The word ‘Invictus’ is Latin for ‘unconquered’ and embodies the fighting spirit of our wounded, injured and ill servicemen and women. They have been tested and challenged, but they have not been overcome. They have proven that by embracing each other and the support of family and friends, they can reclaim their future. They are Invictus.

Most of us will never know the horrors of combat. Horrors so great that many servicemen and women suffer life-changing injuries, both visible and invisible, while serving their countries, while serving us. How do these men and women find the motivation to move on and not be defined by their injuries? How can we challenge perceptions and send a positive message about life beyond disability to an international audience?

More of the story can be read on this link.

But, I wish to look at one of the, shall we say, back stories behind the poem ‘Invictus’ chosen as the poem for the Games.  The poem is by William Ernest Henley and the Invictus Games website tells us that Henley…

was himself an amputee and the poem reflects his long battle with illness. The title means “unconquered” and the 16 short lines of the poem encapsulate the indefatigable human spirit, which is at the heart of the Invictus Games.

For more about Henley see The Poetry Foundation biographical notes.  An excerpt of his poem, ‘Invictus’ is below:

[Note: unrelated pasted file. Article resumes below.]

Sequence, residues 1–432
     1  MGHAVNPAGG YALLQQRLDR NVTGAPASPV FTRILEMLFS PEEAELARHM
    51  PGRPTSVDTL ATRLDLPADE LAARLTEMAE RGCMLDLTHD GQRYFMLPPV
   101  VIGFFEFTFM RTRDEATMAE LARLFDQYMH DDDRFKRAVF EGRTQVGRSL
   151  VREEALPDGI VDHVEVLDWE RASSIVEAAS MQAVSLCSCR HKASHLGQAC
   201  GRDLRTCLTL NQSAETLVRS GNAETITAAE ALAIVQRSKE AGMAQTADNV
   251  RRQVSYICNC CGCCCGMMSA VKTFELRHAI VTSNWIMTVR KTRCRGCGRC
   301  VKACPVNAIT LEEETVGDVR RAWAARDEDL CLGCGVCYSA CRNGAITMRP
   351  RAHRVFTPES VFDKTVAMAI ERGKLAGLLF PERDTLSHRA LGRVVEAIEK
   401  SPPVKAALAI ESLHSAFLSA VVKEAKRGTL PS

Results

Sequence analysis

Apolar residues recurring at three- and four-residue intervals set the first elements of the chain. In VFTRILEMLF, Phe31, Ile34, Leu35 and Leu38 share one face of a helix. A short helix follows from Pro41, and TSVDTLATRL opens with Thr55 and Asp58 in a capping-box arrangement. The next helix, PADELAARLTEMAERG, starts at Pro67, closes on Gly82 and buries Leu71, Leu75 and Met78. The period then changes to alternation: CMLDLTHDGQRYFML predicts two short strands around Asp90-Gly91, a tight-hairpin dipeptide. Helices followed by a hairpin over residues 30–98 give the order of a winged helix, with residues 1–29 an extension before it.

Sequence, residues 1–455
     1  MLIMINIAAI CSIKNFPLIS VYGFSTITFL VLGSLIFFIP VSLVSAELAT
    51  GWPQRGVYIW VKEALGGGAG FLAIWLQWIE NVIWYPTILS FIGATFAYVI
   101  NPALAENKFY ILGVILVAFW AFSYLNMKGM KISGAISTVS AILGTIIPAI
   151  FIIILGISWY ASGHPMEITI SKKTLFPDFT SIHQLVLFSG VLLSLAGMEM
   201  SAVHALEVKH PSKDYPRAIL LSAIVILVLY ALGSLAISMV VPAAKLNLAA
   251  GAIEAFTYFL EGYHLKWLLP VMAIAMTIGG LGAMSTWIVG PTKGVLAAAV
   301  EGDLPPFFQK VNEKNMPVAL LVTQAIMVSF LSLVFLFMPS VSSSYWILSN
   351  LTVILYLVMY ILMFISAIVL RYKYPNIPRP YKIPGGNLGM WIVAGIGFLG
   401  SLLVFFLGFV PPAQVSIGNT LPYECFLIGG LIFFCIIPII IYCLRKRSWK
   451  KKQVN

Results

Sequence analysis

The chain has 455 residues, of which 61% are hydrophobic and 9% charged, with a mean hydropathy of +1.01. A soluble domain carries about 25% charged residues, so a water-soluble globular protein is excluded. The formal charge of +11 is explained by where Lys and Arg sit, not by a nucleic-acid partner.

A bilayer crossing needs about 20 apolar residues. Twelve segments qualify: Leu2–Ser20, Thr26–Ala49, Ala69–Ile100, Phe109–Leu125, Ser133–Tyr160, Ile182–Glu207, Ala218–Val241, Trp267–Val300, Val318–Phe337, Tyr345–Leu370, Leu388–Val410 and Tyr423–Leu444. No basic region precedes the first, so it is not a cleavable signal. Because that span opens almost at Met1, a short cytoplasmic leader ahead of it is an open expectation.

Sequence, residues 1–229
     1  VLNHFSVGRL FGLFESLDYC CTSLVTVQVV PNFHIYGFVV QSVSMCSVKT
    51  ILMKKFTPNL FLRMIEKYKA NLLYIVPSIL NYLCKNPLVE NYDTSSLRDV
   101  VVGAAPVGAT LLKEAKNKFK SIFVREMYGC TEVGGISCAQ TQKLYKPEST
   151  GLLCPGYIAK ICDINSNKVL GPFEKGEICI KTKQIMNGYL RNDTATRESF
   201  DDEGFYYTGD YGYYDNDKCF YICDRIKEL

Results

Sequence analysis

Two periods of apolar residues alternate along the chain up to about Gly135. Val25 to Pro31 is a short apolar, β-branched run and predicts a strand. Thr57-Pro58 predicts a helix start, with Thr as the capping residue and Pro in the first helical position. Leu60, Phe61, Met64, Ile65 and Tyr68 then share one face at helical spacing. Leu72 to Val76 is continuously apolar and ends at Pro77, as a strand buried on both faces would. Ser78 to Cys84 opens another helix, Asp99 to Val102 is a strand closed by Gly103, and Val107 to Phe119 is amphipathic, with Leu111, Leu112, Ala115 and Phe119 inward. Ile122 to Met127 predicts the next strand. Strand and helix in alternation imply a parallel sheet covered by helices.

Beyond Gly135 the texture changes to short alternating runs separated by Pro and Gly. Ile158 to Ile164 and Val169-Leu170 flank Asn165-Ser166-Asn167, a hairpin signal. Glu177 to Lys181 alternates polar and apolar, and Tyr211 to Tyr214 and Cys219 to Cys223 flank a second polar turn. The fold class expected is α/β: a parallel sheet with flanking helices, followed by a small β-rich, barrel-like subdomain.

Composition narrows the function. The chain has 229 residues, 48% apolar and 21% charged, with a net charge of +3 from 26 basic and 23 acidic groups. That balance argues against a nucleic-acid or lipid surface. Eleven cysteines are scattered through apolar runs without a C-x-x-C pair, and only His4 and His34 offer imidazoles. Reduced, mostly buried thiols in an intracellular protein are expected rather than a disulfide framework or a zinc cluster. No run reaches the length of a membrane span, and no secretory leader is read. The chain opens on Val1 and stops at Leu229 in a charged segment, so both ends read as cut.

Invictus 

Out of the night that covers me, 
      Black as the pit from pole to pole, 
I thank whatever gods may be 
      For my unconquerable soul. 
In the fell clutch of circumstance 
      I have not winced nor cried aloud. 
Under the bludgeonings of chance 
      My head is bloody, but unbowed. 

The full text can be found here.

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Beauty is Found- Lines on the Camino

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Beauty is found in airline seats

Where a little family greets us

On their way to London Town.

Their mother’s eyes aglow with the beauty

One may know is her love for her little ones.

Beauty is found in an accent recognised

In a bustling bus queue

As a lovely Darwin female says

“Join me here.”

Beauty is found in the methodical air of

A stewardess following the line

Of passengers to check that all

Are there to enter the deck aboard.

Her beauty is seen in her assiduousness 

To not leave out a single one.

One other scene of beauty is enjoyed

By staff employed in a restaurant 

As the first diners arrive.

All care descends as they strive

To share and explain all there is to name

On menu and wine list.

It wasn’t to be missed

But miss them we did after retiring from their care.

 

Simon C.J. Falk 28 September 2018

He Entered My Decapolis

 

He Entered My Decapolis

A ‘hearing’ of Mark 7:31-37

He entered my Decapolis

My region of haunts

All populated with complexity

On opening

My ears

Oh! My ears

Resounded

And, my heart pounded

As I was loosened

I was not the same

And words came

Flowing and flowing

Until growing

Into written reflections.

I heard

And found voice

A moment to rejoice

And bask

In freedom.

 

Simon C.J. Falk September 2018